Now that we’ve emerged from our respective Thanksgiving food comas, and braved Black Friday, our brains shift over to the winter setting. As the Holiday season looms overhead, we are inundated with feel-good movies of the family variety, be they classic, or new. One such new holiday movie is Netflix’s original offering, The Christmas Chronicles. This one differs from most, in that it steers away when it approaches cliché — it is a Christmas movie that is very self-aware. This is a fresh take on the usual formula, and I don’t think you need to celebrate Christmas in order to appreciate that.
The following review will be spoiler free.
Directed By: Clay Kaytis
Written By: David Guggenheim and Matt Lieberman
Starring: Kurt Russell, Darby Camp, Judah Lewis, Kimberly Williams-Paisley, and Oliver Hudson
This movie starts with a literal chronicle of the Pierce family’s Christmases, via home video footage they’ve captured over the years. The video camera figures heavily into the plot, so telling the family’s history in this way is a good idea. The good choices keep coming as we venture into the heart of the story, which largely focuses on siblings Kate (Camp), and Teddy (Lewis). Through a tragedy that is revealed early on, Christmas spirit is lacking in the family in 2018, especially for Teddy. Younger sister Kate sets out to prove Santa Claus is real, and help Teddy make a U-turn from the not-so-great road he is headed down.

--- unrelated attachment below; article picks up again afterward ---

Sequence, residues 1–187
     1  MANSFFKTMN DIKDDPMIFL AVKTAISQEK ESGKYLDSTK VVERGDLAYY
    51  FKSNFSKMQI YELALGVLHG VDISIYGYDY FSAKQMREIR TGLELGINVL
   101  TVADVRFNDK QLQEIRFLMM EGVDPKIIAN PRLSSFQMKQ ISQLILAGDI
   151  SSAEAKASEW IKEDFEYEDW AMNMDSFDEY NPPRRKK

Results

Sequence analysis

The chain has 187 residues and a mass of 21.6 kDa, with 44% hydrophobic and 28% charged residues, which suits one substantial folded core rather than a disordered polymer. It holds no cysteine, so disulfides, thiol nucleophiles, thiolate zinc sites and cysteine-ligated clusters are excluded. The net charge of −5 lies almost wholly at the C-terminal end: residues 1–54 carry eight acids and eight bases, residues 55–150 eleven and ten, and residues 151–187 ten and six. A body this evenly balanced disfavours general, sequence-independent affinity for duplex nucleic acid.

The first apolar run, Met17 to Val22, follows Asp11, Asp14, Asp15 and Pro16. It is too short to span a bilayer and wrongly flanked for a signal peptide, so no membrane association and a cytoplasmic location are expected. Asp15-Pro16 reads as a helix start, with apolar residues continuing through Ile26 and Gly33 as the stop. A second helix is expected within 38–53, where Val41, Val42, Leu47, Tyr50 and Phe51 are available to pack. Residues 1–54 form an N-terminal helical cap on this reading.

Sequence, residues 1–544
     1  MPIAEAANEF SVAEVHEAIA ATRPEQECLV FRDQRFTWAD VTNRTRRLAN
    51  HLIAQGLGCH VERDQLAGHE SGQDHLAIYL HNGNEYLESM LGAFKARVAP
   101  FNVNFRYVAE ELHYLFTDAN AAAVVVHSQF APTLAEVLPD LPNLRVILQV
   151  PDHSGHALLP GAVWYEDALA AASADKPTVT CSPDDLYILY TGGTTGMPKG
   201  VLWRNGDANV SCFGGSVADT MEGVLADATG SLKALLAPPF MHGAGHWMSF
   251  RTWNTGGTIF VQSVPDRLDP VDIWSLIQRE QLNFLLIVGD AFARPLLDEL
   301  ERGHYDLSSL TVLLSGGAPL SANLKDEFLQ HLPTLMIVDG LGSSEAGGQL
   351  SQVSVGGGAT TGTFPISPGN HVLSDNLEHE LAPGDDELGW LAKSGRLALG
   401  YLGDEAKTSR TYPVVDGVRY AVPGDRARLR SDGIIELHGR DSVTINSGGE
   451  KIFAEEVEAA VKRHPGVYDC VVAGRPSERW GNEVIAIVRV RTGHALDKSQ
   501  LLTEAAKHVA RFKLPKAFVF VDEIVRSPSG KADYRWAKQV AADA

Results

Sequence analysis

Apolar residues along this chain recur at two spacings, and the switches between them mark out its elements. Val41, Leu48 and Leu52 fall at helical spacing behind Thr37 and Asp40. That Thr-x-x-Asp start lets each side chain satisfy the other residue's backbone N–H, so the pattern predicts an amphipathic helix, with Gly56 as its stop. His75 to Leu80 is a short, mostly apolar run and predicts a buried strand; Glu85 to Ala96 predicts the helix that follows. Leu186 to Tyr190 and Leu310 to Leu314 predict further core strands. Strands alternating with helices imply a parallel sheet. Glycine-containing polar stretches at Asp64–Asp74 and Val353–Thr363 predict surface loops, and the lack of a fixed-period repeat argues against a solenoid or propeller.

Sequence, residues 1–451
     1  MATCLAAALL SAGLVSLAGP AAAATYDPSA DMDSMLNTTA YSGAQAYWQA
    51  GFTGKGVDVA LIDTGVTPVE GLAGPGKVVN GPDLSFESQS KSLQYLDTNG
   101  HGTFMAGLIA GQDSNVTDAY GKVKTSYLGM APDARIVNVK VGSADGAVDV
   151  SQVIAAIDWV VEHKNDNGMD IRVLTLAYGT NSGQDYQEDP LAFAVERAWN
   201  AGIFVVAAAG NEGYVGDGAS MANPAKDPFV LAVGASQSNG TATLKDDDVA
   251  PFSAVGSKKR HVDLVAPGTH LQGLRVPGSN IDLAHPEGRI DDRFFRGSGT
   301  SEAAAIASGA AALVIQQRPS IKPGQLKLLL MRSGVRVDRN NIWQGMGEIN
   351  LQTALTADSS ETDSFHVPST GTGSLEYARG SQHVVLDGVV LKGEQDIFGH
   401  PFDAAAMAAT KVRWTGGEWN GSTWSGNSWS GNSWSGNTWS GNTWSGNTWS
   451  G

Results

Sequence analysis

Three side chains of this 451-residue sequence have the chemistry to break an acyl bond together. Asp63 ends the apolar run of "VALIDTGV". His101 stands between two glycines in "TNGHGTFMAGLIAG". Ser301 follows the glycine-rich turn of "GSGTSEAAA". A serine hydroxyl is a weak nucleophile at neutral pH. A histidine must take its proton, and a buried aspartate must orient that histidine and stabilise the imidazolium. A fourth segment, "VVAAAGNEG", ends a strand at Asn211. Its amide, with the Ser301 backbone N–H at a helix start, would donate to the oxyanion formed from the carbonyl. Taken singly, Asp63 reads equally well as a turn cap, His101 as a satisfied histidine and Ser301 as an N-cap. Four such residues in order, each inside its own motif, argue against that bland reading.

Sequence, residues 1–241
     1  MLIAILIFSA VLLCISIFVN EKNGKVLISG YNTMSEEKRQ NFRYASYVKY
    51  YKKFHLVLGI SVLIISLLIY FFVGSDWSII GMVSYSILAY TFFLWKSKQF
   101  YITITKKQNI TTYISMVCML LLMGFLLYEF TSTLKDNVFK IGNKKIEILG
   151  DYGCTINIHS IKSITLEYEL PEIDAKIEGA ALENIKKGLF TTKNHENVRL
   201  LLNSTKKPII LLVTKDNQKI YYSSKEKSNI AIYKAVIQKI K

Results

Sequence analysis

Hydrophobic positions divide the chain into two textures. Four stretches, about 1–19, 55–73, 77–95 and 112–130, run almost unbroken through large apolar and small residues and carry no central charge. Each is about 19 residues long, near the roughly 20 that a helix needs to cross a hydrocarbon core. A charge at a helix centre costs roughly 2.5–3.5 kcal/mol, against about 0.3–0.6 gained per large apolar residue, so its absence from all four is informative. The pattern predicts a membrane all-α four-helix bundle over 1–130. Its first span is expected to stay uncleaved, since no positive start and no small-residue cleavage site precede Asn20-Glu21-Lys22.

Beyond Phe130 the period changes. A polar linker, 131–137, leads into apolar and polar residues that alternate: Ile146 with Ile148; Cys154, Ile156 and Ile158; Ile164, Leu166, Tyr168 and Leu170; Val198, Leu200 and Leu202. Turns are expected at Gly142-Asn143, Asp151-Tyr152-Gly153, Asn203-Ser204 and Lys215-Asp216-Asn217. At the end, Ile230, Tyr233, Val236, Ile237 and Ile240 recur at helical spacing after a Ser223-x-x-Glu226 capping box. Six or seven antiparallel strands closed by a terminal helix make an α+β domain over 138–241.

From story, to casting, effects, score, and the avoidance of (too much) schmaltz, The Christmas Chronicles gets a lot right. It may soon be added to the list of holiday films people sit down to watch every year.
Note: For some reason, its trailer makes this movie seem cheesier than it actually is. I suppose it was edited this way to draw in kids, who tend to prefer over-the-top moments (at least, mine does).